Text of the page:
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Despite having already reported an average loss of £251,471, SME business owners are now forced to spend £21,830 on average to fully reopen following the lockdown, with 21% planning to use their personal savings to cover the costs, according to research from Nucleus Commercial Finance.

The amount lost as a result of the pandemic varied from sole traders losing an average of £8,671, and medium sized businesses losing an average of £665,299.

According to the report, 44% of businesses that have already reopened following the lockdown found that implementing the newly required health and safety measures was the biggest cost factor. The second largest group cost factor was staff salary, which 33% of businesses selected.

Biggest cost factors when reopening business fully (those who had to close due to Covid-19)

Implementing new health and safety measures e.g. screens 44%
Staff salary 33%
Reconfiguring the layout of the space 26%
Investing in new technology e.g. apps, booking services etc. 22%
Restocking 21%
Rent restarting 16%
Product development 16%
New contactless payment systems 14%

Chirag Shah (pictured above), chief executive officer of Nucleus Commercial Finance, said: “The last few months have been a turbulent time for businesses both large and small across the country. Not only has the loss of income been devastating for many SMEs, but those businesses that are able to reopen in some capacity now face significant costs to ensure they can operate safely, putting a further strain on business finances.”

The research was conducted between 23-30 July, taking into account the views of 506 SME senior decision makers. It also found that respondents had an average of £29,983 of cash reserves available, although many business owners reported being reluctant to utilise the full amount to reopen as it may leave them in a vulnerable position if economic activity does not improve.

In order to meet the reopening costs, 28% of respondents planned on using cash reserves in the bank, 27% considered using Government support schemes and 21% planned on using personal savings.

Shah added: “We need to help SMEs not only survive the current pandemic, but thrive in the future. As such, we, as an industry, need to highlight the role that finance can play in the short-term, but also to support longer-term business goals and help them future-proof their business.

“During these uncertain times, business owners should rest assured that there are options available, and it’s our duty as an industry to educate them on the benefits of external finance. Together, we can help build a better future for SMEs, ensuring they are equipped to tackle further challenges, boost performance, and ultimately stimulate our economy.”

Established in 2011, Nucleus Commercial Finance aims to provide UK SMEs with a range of alternative funding options including secured and unsecured loans, business cash advances and a range of asset-based lending products.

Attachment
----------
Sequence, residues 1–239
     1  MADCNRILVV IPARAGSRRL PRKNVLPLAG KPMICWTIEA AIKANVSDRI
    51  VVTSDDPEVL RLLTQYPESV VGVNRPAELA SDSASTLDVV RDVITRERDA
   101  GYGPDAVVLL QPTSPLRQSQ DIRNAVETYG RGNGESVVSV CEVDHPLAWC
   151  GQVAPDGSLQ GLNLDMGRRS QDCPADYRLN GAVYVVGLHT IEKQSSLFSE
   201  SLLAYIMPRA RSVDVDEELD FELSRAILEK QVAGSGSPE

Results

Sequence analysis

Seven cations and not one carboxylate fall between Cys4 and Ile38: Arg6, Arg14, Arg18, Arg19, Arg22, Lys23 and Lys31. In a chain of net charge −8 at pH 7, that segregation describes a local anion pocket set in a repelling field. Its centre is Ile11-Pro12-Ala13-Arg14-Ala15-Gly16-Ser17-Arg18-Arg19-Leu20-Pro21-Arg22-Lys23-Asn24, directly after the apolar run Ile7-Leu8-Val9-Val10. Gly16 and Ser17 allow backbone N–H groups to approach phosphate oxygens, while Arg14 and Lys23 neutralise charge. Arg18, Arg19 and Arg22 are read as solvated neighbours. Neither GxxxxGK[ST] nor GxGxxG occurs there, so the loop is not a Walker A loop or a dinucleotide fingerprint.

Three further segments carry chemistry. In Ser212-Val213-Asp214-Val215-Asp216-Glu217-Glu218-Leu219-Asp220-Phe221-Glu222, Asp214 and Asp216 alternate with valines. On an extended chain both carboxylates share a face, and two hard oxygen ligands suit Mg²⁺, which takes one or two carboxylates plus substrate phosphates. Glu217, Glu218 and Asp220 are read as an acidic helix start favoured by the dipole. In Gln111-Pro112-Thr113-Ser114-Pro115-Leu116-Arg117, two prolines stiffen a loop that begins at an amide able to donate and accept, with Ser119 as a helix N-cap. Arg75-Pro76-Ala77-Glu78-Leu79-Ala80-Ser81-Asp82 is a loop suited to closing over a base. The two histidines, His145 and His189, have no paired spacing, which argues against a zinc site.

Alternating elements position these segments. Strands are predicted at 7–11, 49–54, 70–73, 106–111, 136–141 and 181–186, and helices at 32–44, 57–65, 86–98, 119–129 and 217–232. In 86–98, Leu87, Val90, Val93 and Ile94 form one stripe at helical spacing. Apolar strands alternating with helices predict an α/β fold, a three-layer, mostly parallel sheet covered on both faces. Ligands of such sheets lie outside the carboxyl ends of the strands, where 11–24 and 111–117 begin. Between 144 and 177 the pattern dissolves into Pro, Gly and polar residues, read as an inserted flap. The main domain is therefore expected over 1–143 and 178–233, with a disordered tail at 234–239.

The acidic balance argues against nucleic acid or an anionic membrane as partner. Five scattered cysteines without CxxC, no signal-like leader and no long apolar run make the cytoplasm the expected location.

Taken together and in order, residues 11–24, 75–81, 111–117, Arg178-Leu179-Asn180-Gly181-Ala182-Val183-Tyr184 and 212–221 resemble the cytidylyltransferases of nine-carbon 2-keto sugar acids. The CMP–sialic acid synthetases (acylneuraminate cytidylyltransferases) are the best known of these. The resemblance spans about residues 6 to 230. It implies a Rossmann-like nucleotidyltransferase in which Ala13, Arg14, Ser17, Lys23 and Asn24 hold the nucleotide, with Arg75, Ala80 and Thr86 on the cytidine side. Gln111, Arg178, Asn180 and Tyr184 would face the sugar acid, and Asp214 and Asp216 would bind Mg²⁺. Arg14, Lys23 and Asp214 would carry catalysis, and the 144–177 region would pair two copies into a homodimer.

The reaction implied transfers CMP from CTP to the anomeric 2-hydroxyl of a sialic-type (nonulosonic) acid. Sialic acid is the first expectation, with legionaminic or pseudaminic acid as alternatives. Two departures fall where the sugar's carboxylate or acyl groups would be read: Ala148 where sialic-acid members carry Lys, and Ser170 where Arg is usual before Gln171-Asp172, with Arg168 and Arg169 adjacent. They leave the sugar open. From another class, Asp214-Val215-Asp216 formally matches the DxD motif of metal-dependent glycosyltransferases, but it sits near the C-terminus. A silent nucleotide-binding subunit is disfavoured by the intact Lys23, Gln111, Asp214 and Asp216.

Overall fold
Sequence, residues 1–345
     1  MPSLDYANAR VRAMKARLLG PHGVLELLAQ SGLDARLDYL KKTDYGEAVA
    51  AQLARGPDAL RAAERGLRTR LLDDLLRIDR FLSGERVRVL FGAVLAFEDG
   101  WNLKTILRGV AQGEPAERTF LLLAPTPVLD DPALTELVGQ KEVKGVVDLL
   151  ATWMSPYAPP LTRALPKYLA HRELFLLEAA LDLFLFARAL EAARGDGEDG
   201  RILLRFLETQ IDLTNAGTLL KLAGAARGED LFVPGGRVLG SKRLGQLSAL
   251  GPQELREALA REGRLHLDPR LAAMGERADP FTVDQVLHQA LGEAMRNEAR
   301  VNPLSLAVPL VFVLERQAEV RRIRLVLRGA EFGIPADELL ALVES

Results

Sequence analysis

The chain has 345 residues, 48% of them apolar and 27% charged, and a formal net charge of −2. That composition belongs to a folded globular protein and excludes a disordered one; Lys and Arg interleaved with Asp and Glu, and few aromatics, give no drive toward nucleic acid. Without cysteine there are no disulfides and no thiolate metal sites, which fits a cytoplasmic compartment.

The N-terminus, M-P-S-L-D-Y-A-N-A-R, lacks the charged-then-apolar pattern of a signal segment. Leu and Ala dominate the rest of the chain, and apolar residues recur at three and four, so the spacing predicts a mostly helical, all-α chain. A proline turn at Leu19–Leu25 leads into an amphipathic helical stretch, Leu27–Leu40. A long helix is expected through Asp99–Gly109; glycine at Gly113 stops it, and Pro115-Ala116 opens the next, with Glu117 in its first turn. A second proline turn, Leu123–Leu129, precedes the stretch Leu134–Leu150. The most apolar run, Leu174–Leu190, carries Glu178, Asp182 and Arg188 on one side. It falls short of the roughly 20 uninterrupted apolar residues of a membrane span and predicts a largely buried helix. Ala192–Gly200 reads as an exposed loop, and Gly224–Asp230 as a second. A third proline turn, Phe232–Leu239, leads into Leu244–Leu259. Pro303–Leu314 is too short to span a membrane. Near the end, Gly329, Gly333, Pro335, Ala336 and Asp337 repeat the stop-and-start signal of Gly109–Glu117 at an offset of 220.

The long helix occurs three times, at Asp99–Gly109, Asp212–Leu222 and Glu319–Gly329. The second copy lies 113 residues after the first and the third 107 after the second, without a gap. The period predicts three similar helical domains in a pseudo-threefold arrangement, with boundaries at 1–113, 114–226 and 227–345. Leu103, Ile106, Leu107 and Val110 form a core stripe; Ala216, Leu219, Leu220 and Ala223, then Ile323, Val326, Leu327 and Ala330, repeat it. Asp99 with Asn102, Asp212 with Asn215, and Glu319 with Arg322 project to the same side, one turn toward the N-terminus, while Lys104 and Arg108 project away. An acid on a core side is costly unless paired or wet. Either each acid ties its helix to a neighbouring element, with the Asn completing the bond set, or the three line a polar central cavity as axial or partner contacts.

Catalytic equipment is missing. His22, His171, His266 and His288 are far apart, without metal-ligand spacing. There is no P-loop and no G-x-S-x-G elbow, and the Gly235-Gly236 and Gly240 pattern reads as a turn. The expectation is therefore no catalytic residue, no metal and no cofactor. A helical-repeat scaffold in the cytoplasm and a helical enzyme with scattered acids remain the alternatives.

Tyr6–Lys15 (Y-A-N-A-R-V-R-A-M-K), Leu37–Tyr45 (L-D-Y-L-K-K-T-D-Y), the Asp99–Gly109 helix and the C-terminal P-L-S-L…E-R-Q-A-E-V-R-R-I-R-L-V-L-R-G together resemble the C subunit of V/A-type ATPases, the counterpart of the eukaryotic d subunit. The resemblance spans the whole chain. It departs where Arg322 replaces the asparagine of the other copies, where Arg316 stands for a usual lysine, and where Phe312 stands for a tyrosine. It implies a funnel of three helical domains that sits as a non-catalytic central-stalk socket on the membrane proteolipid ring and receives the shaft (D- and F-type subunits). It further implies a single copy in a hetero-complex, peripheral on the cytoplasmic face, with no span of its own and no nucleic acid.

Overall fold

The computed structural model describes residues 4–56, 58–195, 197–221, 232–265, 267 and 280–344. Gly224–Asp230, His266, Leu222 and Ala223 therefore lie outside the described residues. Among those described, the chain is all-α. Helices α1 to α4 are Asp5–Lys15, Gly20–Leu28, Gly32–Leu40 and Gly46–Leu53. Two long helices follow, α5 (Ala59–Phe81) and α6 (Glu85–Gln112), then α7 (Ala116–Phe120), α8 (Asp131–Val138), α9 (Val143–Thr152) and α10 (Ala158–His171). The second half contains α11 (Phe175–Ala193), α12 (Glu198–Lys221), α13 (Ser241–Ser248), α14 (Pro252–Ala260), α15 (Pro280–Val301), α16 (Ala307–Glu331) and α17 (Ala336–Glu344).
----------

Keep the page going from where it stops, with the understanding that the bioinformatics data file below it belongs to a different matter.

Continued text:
Alternative lenders mustn’t be frozen out

Douglas Grant (pictured below), director of Conister Finance & Leasing, explained: “As a result of the pandemic it is estimated that the trend of businesses servicing debt from remaining cash flows with little or no capital for investment could develop further given the potential for businesses to build up £100 billion of debt by next March.

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“The UK Government has been quick to provide financial support through initiatives such as the bounce-back loans scheme, but alternative lenders that understand the very basic needs of specialist SMEs, can provide the additional support and natural lending progression alongside the larger clearing banks.

“Many clearing banks are working tirelessly to process emergency loan applications but with pressures piling up a lot of SMEs will become unsustainable, with some estimates predicting 780,000 insolvent SMEs. It was concerning therefore to see that alternative lenders are potentially unlikely to receive much financing from the Bank of England to deliver emergency government loans. It is crucial that clearing banks pass on finance from the Bank of England to alternative lenders and find a way to make it work on commercial terms. SMEs must have a tripartite level of support from Government, alternative and traditional lenders working together in these difficult times.

“As traditional banks deal with the impact of Covid-19 around their balance sheets, it is likely that they will have to pause financing discussions around succession and growth financing as well as recapitalisations, in order to redirect resources to addressing an enormous influx of CBILS applications from capital-starved SMEs. Those resilient SMEs who have weathered the pandemic best in their sector will be able to benefit from the potential acquisition opportunities to increase their market share and will need capital to carry this out. Alternative lenders have the know-how and flexibility to help process this type of financing quickly and effectively. Without legacy loan books and unencumbered by CBILS applications coupled with high levels of private capital waiting to be invested, alternative lenders working together with clearing banks can help to execute rapid credit decisions on flexible terms.”

Founded in 1935, Conister Bank offers both personal and commercial banking solutions including the provision of credit facilities and asset finance.

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